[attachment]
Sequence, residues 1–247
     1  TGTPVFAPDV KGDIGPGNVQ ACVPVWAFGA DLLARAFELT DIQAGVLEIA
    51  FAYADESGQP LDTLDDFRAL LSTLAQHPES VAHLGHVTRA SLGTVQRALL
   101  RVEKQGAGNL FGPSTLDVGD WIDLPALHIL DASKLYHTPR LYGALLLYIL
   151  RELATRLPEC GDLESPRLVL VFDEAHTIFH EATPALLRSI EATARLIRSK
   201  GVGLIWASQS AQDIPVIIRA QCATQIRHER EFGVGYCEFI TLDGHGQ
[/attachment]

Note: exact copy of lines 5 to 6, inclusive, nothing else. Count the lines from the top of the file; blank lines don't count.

   151  RELATRLPEC GDLESPRLVL VFDEAHTIFH EATPALLRSI EATARLIRSK
   201  GVGLIWASQS AQDIPVIIRA QCATQIRHER EFGVGYCEFI TLDGHGQ